An Overview of the Solar System
The solar system consists of the Sun; the nine planets, over 100 satellites of the planets, a large number of small bodies (the comets and asteroids), and the interplanetary medium. (There are also many more planetary satellites that have been discovered but not yet been officially named.) The inner solar system contains the Sun, Mercury, Venus, Earth and Mars:
The orbits of the planets are ellipses with the Sun at one focus, though all except Mercury and Pluto are very nearly circular. The orbits of the planets are all more or less in the same plane (called the ecliptic and defined by the plane of the Earth's orbit). The ecliptic is inclined only 7 degrees from the plane of the Sun's equator. Pluto's orbit deviates the most from the plane of the ecliptic with an inclination of 17 degrees. The above diagrams show the relative sizes of the orbits of the nine planets from a perspective somewhat above the ecliptic (hence their non-circular appearance). They all orbit in the same direction (counter-clockwise looking down from above the Sun's north pole); all but Venus, Uranus and Pluto also rotate in that same sense.
The above composite shows the nine planets with approximately correct relative sizes.
One way to help visualize the relative sizes in the solar system is to imagine a model in which it is reduced in size by a factor of a billion (1e9). Then the Earth is about 1.3 cm in diameter (the size of a grape). The Moon orbits about a foot away. The Sun is 1.5 meters in diameter (about the height of a man) and 150 meters (about a city block) from the Earth. Jupiter is 15 cm in diameter (the size of a large grapefruit) and 5 blocks away from the Sun. Saturn (the size of an orange) is 10 blocks away; Uranus and Neptune (lemons) are 20 and 30 blocks away. A human on this scale is the size of an atom; the nearest star would be over 40000 km away.
Not shown in the above illustrations are the numerous smaller bodies that inhabit the solar system: the satellites of the planets; the large number of asteroids (small rocky bodies) orbiting the Sun, mostly between Mars and Jupiter but also elsewhere; and the comets (small icy bodies) which come and go from the inner parts of the solar system in highly elongated orbits and at random orientations to the ecliptic. With a few exceptions, the planetary satellites orbit in the same sense as the planets and approximately in the plane of the ecliptic but this is not generally true for comets and asteroids.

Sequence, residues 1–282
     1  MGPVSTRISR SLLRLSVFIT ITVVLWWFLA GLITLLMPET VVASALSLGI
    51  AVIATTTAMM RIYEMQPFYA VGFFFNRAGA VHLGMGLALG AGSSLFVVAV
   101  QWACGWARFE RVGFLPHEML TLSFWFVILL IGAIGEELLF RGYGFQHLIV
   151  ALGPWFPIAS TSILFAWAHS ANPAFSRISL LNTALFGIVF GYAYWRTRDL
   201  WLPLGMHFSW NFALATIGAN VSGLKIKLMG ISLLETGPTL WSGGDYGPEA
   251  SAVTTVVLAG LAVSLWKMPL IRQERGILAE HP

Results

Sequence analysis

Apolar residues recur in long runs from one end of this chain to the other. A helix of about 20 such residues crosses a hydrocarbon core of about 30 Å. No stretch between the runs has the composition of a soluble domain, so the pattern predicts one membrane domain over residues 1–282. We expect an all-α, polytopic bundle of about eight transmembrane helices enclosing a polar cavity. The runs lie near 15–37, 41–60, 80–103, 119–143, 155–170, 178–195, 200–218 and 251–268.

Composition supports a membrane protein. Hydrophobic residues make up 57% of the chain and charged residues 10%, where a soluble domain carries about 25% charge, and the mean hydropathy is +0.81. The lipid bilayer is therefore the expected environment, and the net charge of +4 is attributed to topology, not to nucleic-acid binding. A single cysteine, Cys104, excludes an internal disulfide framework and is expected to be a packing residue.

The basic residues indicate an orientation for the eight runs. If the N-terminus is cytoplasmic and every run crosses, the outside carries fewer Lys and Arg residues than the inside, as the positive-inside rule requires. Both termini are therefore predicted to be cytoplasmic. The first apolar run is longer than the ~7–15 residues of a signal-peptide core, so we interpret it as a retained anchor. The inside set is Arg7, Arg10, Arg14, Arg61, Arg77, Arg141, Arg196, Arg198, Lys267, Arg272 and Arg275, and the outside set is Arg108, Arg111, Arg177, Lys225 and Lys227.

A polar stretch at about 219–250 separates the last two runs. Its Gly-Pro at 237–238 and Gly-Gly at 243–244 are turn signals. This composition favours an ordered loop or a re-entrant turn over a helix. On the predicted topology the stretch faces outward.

The classification of these objects is a matter of minor controversy. Traditionally, the solar system has been divided into planets (the big bodies orbiting the Sun), their satellites (a.k.a. moons, variously sized objects orbiting the planets), asteroids (small dense objects orbiting the Sun) and comets (small icy objects with highly eccentric orbits).
Unfortunately, the solar system has been found to be more complicated than this would suggest:
Other classifications based on chemical composition and/or point of origin can be proposed which attempt to be more physically valid. But they usually end up with either too many classes or too many exceptions. The bottom line is that many of the bodies are unique; our present understanding is insufficient to establish clear categories. In the pages that follow, I will use the conventional categorizations.
The nine bodies conventionally referred to as planets are often further classified in several ways:
by position relative to the Sun:
by position relative to Earth:
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